2. At the trial, the prosecution had examined twelve witnesses to bring home the charge to the appellant who had not examined any witness in his defence. On a consideration of the evidence, the learned Sessions Judge found that the case against the appellant had been established on 'facts and that he had committed the offence of murder and accordingly for his conviction under Section 302 of the Penal Code, the appellant has been sentenced to undergo imprisonment for life.

3. Mr. R. C. Rath, the learned Advocate appearing on behalf of the appellant, has challenged the findings recorded by the trial court against the appellant while it has been submitted by Mr. Patra on behalf of the State that the order of conviction is well-founded and cannot be assailed.

4. It would be clear from the evidence of P. Ws. 1 and 6 that after her marriage with the appellant, p. w. 6 remained in the house of the father of the appellant for some days in village Ayodhya where owing to poverty, the father of the appellant was not even able to feed the member of the family and had been giving but one seer of rice per day for which P. W. 6 was ill-fed and she left the place and came to the house of her parents followed some time thereafter by the appellant and the appellant and his wife had been staying with the deceased and P, W. 1 feeding themselves on the wages earned by them as labourers. As would appear from the evidence, on the Thursday preceding the fateful night, there being no rice for cooking, P. W. 1 went to the house of p. W. 2 and brought four gounis of paddy due to be received by the appellant towards his wages, but the appellant would not allow this paddy to be used for feeding the family as he wanted to sell the same and for this, there had been a quarrel between the appellant and the deceased. On the day following, i. e. on Friday, there was also a quarrel between the two for the same reason when the deceased told the appellant that he was like a dog and that he should leave the house and go away and at this, the appellant left the house and went away with a threat to the deceased that he would set him right. We see no justification for rejecting the testimony of P. Ws. 1 and 6 in this regard. The deceased was the husband of P. W. 1 and the father of P. W. 6. but at the same time, the appellant is the son-in-law of P. W. 1 and the husband of P. W. 6 and they would not falsely implicate the appellant in such a grave crime by ascribing a motive which was not in existence,

5. The prosecution has thus established a motive for the commission of the offence. Motive, however adequate, cannot, however, sustain a criminal charge unless the other evidence unfailingly points to the guilt of an accused person.

6. Coming to the dying declaration made by the deceased immediately after he was stabbed on his chest naming the appellant as the assailant, there is the evidence of P. W. 1. the wife of the deceased, p. w. 1 had testified thus:

At about midnight, I got up from my sleep as I wanted to pass urine. When 1 got up and went to pass urine, I found that my husband Gopinath was sleeping as usual with his face upwards. I urinated at a distance of about five cubits from my husband, under the outer verandah of our house, where my husband was sleeping. Our outer-verandah was not very high and the height was about 21/2 feet. I was urinating by sitting on the ground. While I was urinating, I heard my husband shouting that Budhia (accused) stabbed him. Hearing this. I immediately turned my face and found that accused Budhia was running away. Accused Budhia was wearing a red cloth. M.O. I is the red cloth (Napkin) which Budhia was wearing. I came near my husband and found that a knife had been stabbed into the chest of my husband, My husband told me 'Budhia stabbed me with a knife and ran away,' Give me some 'Turani' (gruel).' I gave some turani (gruel) to my husband and he drank the same, Subsequently, my husband began to sink gradually and ultimately, he died....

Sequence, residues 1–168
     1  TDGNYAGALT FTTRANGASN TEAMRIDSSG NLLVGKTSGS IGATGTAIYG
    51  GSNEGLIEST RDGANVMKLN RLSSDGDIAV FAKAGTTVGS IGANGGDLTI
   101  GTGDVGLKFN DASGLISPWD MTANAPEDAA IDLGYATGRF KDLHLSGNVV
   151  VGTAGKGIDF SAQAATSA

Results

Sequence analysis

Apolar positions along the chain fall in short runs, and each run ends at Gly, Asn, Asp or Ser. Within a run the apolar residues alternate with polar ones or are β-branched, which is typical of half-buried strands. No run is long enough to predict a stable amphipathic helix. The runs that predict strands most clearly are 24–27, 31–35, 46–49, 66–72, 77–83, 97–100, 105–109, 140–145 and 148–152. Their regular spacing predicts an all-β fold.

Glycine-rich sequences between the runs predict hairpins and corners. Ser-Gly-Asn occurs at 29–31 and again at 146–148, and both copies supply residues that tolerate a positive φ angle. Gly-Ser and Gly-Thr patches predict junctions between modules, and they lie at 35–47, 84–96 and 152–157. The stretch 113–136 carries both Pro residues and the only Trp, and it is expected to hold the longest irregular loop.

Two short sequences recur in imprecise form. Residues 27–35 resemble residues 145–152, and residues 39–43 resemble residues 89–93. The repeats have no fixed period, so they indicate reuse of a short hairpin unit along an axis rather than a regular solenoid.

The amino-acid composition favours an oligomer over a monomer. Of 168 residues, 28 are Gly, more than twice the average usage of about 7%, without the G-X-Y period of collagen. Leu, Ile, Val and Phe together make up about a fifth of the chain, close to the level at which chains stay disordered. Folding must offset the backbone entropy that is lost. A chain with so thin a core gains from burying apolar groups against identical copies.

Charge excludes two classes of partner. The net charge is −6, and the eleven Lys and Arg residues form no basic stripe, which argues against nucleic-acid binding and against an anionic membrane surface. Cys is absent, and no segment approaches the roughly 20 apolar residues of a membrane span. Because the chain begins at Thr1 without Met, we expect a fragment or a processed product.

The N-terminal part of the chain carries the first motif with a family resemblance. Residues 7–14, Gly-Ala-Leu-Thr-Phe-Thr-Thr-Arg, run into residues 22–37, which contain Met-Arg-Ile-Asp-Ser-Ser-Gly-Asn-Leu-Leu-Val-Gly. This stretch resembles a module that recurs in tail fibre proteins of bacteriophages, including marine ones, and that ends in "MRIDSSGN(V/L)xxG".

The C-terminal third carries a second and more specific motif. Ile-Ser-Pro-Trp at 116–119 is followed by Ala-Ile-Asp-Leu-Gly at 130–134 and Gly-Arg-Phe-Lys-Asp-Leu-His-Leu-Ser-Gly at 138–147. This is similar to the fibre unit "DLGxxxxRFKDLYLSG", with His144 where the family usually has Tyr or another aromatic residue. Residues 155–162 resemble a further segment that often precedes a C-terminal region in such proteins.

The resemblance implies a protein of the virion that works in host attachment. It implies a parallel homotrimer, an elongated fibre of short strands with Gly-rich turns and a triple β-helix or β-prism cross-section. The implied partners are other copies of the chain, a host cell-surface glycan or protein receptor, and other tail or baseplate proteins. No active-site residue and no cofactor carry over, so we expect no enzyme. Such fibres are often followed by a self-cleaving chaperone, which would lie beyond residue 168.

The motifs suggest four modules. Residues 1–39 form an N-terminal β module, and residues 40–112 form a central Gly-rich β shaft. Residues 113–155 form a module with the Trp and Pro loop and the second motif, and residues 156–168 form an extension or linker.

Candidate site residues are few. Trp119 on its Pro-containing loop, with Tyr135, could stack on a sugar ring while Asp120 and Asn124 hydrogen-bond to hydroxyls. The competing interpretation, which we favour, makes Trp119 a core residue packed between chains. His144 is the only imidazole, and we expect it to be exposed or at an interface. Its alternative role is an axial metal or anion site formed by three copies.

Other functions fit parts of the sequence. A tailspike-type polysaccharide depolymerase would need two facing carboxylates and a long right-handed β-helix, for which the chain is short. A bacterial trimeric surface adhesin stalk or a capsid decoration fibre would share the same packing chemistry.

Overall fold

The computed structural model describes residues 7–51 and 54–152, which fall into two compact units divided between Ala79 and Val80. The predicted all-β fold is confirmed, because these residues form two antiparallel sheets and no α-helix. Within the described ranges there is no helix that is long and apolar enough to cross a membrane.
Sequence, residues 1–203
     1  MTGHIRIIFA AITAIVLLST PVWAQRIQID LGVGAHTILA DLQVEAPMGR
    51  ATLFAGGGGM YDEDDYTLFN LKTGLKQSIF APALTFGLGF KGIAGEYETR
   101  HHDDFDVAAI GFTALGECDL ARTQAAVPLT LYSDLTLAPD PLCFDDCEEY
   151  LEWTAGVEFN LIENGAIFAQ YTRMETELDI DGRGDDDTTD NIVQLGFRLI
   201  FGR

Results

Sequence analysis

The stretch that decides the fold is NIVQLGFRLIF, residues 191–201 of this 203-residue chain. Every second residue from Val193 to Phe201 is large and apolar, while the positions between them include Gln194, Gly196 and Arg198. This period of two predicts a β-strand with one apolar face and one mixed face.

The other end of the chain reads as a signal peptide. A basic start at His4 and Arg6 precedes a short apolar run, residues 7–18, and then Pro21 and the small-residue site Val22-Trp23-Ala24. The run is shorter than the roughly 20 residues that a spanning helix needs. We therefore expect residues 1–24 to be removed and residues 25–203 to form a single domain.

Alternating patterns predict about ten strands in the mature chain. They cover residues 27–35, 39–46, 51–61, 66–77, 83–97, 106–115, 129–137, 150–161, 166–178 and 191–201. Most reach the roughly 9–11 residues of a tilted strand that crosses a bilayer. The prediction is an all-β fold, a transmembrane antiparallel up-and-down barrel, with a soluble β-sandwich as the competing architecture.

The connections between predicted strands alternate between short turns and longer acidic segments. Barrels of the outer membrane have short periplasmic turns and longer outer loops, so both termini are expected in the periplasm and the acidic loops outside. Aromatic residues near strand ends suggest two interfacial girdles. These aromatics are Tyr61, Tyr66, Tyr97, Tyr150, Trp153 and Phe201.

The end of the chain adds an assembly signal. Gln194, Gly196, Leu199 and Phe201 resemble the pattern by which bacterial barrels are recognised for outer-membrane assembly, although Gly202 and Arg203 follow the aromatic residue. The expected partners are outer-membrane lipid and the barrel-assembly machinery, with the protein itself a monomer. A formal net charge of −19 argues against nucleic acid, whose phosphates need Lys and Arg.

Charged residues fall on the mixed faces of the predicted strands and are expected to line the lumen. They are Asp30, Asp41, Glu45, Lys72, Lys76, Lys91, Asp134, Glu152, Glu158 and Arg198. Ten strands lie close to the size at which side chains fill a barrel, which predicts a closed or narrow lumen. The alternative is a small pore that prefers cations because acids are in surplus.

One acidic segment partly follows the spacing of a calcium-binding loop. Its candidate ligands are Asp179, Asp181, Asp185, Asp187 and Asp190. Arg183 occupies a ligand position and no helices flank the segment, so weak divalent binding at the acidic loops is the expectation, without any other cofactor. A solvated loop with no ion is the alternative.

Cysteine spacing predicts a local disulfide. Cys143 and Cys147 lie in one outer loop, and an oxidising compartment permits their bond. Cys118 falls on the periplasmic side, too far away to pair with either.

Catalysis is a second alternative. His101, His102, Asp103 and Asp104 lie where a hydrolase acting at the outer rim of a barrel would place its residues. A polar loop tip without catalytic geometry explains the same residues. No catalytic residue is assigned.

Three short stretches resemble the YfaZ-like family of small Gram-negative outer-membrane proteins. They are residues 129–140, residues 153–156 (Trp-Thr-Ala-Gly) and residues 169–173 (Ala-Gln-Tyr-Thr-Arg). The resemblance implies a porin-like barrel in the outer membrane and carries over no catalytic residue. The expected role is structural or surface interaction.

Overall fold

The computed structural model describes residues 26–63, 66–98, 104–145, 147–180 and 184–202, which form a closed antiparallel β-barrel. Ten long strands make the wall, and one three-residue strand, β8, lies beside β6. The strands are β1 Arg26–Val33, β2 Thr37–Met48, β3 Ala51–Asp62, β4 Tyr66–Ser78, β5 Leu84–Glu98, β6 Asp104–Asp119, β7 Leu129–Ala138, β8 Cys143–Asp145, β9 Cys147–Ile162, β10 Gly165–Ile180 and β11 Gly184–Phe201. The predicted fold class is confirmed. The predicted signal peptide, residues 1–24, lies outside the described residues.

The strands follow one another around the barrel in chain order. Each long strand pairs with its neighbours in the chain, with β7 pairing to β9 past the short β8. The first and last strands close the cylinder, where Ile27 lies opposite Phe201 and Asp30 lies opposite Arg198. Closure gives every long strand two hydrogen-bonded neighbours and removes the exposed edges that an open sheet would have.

If after searching scrutiny, the court is satisfied that the dying declaration represents a truthful version of the occurrence in which the deceased received the injuries which led to his death, a conviction can be founded thereon even in the absence of any independent corroboration (See the cases of Kusa v. State of Orissa : 1980CriLJ408 and Rabi Chandra v. State of Orissa : 1980CriLJ1257 .

7. In the instant case, the son-in-law had allegedly killed the deceased. The appellant and the deceased were very well-known to each other and therefore, the deceased could easily have identified the appellant as his assailant. After the appellant dealt the knife blow, the deceased must have immediately woken up and noticed his assailant close to him. Although it was a dark night, as noticed by the learned Sessions Judge while accepting the evidence of P. W. 1, and rightly so, about the identification of the appellant who had been running away after the deceased named him as his assailant, the deceased, who had been sleeping on the outer verandah, could have properly identified the appellant by the twilight of the stars and from the contours of the appellant who was no other person than his son-in-law. There was no evidence that either the deceased or p. w. I had defective eyesight. There may, no doubt, be instances when what are supposed to be the clearest intimations of the senses, may be fallacious and deceptive and. some cases may occur of mistaken personal identity. But in the instant case, the appellant was the son-in-law of the deceased and P.W. 1 and therefore, they could have easily identified him from his appearance and from his gait and contours.